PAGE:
JC: I just always want to be the best at things that I decide I want to do. I do like a lot of everything. Now, from my military career, wanting to make it to the top and be the pinnacle. That tip of the spear was a goal of mine. And when I set goals, I want to strive to be the best at it. Now, in retirement, my own business and doing training and night vision stuff and consulting with some companies and working with Black Rifle Coffee Company. It’s still getting that fulfillment of being successful at what I’m doing, but providing for my family, providing a good home with food on the table, and ensuring that my daughter is taken care of. My dad busted his butt for everything that we had, and I just want to do the same thing for my family.
COD: What do you think is the most misunderstood thing about you or the work you do?
JC: Probably professional fishing. It almost depends on the crowd I’m talking to because I kind of live two different lives. There’s the bass fishing side and then this whole tactical world of training and night vision. It’s kind of unique when I’m talking to guys on the fishing side in the bass scene when I’m at tournaments, and they’re like, “Oh yeah, I see that you do all this tactical stuff.” So to them, that is completely different and sometimes misunderstood. It’s fun to explain it. Then the total opposite is true when I’m in the tactical world teaching classes and talking night vision to all these guys in law enforcement. They’re like, “You travel the country and bass fish? What is that all about?” So it depends on the crowd, but those two are so far stretched that when I’m with one it’s the other and vice versa.
COD: How do you define success?
JC: I would say everybody defines it differently, but for me, it’s whatever you want to accomplish. I think we all need to have goals and we need to have things to achieve. Whatever that goal is — aim for it. Everybody’s like, “I want to be at the top,” or “I want to be the best.” I want to fish the Elite Series, and it’s definitely a great goal to have — and I’m not saying undershoot it — but you know, not everybody has the caliber to get to the top level. Whatever goal you set, it doesn’t always have to be the very top. Just set that goal for yourself, even if it’s a goal for the day, and achieve it. To me, that’s success.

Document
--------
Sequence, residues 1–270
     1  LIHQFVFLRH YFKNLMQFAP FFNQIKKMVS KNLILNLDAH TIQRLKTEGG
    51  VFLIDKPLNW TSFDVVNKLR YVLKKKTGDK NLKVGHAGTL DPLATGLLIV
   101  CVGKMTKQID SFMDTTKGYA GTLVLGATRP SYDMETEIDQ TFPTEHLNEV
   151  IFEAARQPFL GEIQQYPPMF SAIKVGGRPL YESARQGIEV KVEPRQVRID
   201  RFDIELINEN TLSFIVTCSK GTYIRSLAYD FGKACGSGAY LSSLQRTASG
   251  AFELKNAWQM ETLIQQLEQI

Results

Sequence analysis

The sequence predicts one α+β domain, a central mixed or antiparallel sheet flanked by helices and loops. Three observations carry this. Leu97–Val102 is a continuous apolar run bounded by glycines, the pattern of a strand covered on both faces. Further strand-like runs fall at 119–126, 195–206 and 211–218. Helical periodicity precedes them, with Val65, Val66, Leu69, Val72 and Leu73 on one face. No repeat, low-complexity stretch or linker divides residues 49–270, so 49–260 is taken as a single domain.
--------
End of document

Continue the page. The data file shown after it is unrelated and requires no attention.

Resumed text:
COD: If you had to pick one, mountain view or ocean view?
JC: Can I have a lake view? I tend to like the mountains better. Definitely a mountain with a lake view would be ideal. The ocean is nice. My wife loves the ocean. I could take it or leave it. I don’t need to be covered in salty air and sand. To me, that’s uncomfortable. I love the mountains. I love the view up there. I love the climate and the atmosphere. To me, it’s just peaceful to sit out there, drink a cup of coffee or some bourbon, and kick back and enjoy nature.
COD: If you could have any superpower, what would it be?
JC: I have a superpower: night vision. Night vision is funny because I tell guys in my classes that night vision is the only superpower you can buy; like, you can buy the ability to see in the dark. Aside from that, I would probably pick the ability to know everything. The ability to be a human computer and at any point in time, recall anything, remember anything, or know anything at all.
COD: What are your hobbies outside of what you’re known for?
JC: I’m kind of all over the place. A lot of people know I like bourbon. I like to fish. I like to chew. Use night vision. I also like to cook. I did a lot of cooking classes and stuff in high school more or less because it was an easy credit, but then sort of fell in love with it. It’s just peaceful. And it’s fun to kind of chill out and make a good dinner or slow-cook something and just have that long time to chill, relax, and cook or smoke something.
COD: On a scale of 1 to 10, how confident are you that you could survive in a post-apocalyptic world — 1 being that you are dead on day one, 10 being that you are the ruler of the new world order?
JC: How would I do in a post-apocalyptic world? [Caldwell steps away for a minute, returning in full kit, sporting night vision and a rifle.] I’d be just fine.